1

this server has an Ubuntu 10.10 LVM volume created out of three "thin provisioning" VMWare ESXi disks of 1.76tb each and one 700Gb "thick provisioning" disk.

Here's the space used according to pvs:

root@UBUSRV64:/mnt$ sudo pvs -o+pv_used
  PV         VG             Fmt  Attr PSize   PFree  Used
  /dev/sda5  UBUSRV64       lvm2 a-     3,76g 40,00m   3,72g
  /dev/sdb1  VOLGROUP-DATOS lvm2 a-   700,00g     0  700,00g
  /dev/sdc1  VOLGROUP-DATOS lvm2 a-     1,76t     0    1,76t
  /dev/sdd1  VOLGROUP-DATOS lvm2 a-     1,76t     0    1,76t
  /dev/sde1  VOLGROUP-DATOS lvm2 a-     1,76t     0    1,76t

Now, using df -h:

root@UBUSRV64:/mnt$ df -h
S.ficheros            Tamaño Usado  Disp Uso% Montado en
/dev/mapper/UBUSRV64-root
                      3,5G  3,3G     0 100% /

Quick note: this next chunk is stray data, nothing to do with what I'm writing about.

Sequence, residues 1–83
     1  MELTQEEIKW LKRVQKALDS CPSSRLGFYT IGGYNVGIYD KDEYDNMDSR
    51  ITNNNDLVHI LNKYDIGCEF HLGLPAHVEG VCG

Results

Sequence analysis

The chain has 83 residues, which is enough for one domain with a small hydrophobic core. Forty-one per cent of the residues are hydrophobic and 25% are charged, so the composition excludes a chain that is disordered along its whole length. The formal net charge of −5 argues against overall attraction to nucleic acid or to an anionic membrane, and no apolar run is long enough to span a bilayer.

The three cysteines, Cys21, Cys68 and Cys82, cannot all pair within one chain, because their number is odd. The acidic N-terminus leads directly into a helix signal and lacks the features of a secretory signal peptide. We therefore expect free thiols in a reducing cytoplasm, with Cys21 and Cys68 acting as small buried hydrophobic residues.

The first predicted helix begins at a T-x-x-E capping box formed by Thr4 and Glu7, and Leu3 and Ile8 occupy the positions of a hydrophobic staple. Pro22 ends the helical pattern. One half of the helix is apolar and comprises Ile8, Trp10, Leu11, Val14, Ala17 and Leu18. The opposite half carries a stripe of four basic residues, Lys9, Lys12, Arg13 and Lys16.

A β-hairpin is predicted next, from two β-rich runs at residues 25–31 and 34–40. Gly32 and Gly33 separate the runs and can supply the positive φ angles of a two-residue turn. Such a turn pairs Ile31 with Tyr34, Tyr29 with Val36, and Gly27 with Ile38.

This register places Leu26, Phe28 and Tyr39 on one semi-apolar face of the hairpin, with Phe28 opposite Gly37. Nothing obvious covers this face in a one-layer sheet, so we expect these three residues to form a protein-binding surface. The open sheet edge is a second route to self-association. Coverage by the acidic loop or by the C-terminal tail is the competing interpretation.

none                  5,9G  216K  5,9G   1% /dev
none                  5,9G     0  5,9G   0% /dev/shm
none                  5,9G  500K  5,9G   1% /var/run
none                  5,9G     0  5,9G   0% /var/lock
none                  5,9G     0  5,9G   0% /lib/init/rw
/dev/sda1             228M   51M  166M  24% /boot
/dev/mapper/VOLGROUP--DATOS-datos
                      5,9T  2,2T  3,5T  39% /mnt/datos

As you can see, there are only 2.2Tb used.

I would like to reduce the size of LVM disk, to let me shrink the VMWare disks and eventually create several smaller Thick provisioned disks.

0

You need to shrink the filesystem first. If and how that is possible depends on the filesystem used.

Then you can lvreduce the logical volume and vgreduce the volume group.

Be aware that any such operation is potentially dangerous and may lead to loss of data. It would be much safer to add new disk with new filesystem, copy data and remove the old/unused ones.

  • You are right. I marked this as the correct answer, though I will not reduce the filesystem, because I convinced the owner to move all the files except those disks from the datastore, leaving only the thin provisioning disks there. – leonardorame May 16 '15 at 20:14

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